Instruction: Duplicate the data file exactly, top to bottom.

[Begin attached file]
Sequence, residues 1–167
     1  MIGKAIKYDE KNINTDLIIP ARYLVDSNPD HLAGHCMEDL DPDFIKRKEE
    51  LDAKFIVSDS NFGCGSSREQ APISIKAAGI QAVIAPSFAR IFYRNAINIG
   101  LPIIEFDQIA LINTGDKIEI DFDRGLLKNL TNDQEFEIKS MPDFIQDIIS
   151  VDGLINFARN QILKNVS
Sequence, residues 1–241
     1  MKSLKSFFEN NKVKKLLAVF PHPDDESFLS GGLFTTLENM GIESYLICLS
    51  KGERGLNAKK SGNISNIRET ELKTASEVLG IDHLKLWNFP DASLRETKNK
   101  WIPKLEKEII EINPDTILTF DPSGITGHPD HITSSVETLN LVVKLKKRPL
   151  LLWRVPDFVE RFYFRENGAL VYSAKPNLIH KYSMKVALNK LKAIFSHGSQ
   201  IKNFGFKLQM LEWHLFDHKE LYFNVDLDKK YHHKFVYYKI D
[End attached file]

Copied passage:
Sequence, residues 1–167
     1  MIGKAIKYDE KNINTDLIIP ARYLVDSNPD HLAGHCMEDL DPDFIKRKEE
    51  LDAKFIVSDS NFGCGSSREQ APISIKAAGI QAVIAPSFAR IFYRNAINIG
   101  LPIIEFDQIA LINTGDKIEI DFDRGLLKNL TNDQEFEIKS MPDFIQDIIS
   151  VDGLINFARN QILKNVS
Sequence, residues 1–241
     1  MKSLKSFFEN NKVKKLLAVF PHPDDESFLS GGLFTTLENM GIESYLICLS
    51  KGERGLNAKK SGNISNIRET ELKTASEVLG IDHLKLWNFP DASLRETKNK
   101  WIPKLEKEII EINPDTILTF DPSGITGHPD HITSSVETLN LVVKLKKRPL
   151  LLWRVPDFVE RFYFRENGAL VYSAKPNLIH KYSMKVALNK LKAIFSHGSQ
   201  IKNFGFKLQM LEWHLFDHKE LYFNVDLDKK YHHKFVYYKI D